This is also how we build that bulwark against the erosion of democratic principles and the rise of corruption and authoritarianism that the Global Declaration of Mayors for Democracy warned against. As mayors, we are alarmed by the looming risk of authoritarianism, and we are keenly aware that we are on the forefront of the effort to preserve people’s faith in democracy. We work to improve people’s lives because it is the right thing to do. But we also know that when people feel ignored or abused by politicians and institutions, they reject those institutions. They may drop out or break the law. They may look for answers in extremist groups or under destructive leaders. Mayors represent many people’s most immediate connection to and experience with democracy. We need to make that experience a good one.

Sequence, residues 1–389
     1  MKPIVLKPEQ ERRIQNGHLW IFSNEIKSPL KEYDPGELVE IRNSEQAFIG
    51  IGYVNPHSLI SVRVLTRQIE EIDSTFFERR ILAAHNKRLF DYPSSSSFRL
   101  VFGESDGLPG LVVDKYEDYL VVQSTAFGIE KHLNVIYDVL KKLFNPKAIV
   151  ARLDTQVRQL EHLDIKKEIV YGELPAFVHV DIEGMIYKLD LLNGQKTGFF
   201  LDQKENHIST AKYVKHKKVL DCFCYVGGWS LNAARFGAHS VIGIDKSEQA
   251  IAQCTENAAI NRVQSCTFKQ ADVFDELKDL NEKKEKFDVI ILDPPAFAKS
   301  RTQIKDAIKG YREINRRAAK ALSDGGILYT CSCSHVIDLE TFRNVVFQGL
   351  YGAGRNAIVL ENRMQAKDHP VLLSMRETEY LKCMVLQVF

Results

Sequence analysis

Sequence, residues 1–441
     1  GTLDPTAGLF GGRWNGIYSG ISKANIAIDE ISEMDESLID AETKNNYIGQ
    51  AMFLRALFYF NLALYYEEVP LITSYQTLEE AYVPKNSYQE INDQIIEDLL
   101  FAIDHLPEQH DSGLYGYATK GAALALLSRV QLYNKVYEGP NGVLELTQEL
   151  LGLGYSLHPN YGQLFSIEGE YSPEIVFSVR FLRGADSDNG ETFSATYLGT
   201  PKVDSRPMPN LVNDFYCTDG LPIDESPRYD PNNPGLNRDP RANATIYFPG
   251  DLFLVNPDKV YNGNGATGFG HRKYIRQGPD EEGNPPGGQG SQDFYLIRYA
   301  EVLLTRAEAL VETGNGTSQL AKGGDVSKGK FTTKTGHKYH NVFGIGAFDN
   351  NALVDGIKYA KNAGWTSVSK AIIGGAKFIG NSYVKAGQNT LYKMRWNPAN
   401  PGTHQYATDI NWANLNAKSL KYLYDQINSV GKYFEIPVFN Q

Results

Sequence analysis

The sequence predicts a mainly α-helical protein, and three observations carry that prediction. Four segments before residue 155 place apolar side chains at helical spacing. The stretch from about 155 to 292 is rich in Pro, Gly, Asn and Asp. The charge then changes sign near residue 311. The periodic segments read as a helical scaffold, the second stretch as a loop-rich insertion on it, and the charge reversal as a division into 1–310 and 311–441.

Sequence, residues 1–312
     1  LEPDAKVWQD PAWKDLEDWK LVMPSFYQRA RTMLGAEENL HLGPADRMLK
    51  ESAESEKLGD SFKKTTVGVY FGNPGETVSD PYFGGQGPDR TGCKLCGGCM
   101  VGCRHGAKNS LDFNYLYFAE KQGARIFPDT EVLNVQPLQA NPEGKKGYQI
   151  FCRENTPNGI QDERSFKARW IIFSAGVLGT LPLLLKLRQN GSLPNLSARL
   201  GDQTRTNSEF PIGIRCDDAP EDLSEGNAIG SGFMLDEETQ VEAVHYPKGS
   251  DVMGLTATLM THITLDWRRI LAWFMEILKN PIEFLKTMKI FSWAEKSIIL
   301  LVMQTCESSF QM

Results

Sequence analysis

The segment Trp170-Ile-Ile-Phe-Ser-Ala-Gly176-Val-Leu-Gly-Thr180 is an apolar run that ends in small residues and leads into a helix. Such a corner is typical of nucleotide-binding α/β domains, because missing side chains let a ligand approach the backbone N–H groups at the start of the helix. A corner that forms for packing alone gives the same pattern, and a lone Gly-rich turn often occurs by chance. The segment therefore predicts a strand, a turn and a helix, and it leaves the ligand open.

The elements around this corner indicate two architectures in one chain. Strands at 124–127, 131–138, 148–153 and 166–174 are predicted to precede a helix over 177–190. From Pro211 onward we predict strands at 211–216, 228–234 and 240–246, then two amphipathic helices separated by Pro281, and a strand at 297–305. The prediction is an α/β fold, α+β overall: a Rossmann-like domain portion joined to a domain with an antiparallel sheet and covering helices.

This has never been more important than it is right now, when confidence in our federal government is faltering. Some of this is deserved. The unparalleled corruption and ill intent of the Trump Administration did a lot to undermine that confidence. The cynicism, dishonesty, and destructiveness of the current minority party in Congress is stopping much-needed legislation from passing. The efforts of the previous administration and its Senate allies to stack the courts with far-right extremists is giving us Supreme Court decisions that are rolling back decades of progress on civil and human rights. This is all terrible, and we can’t ignore it.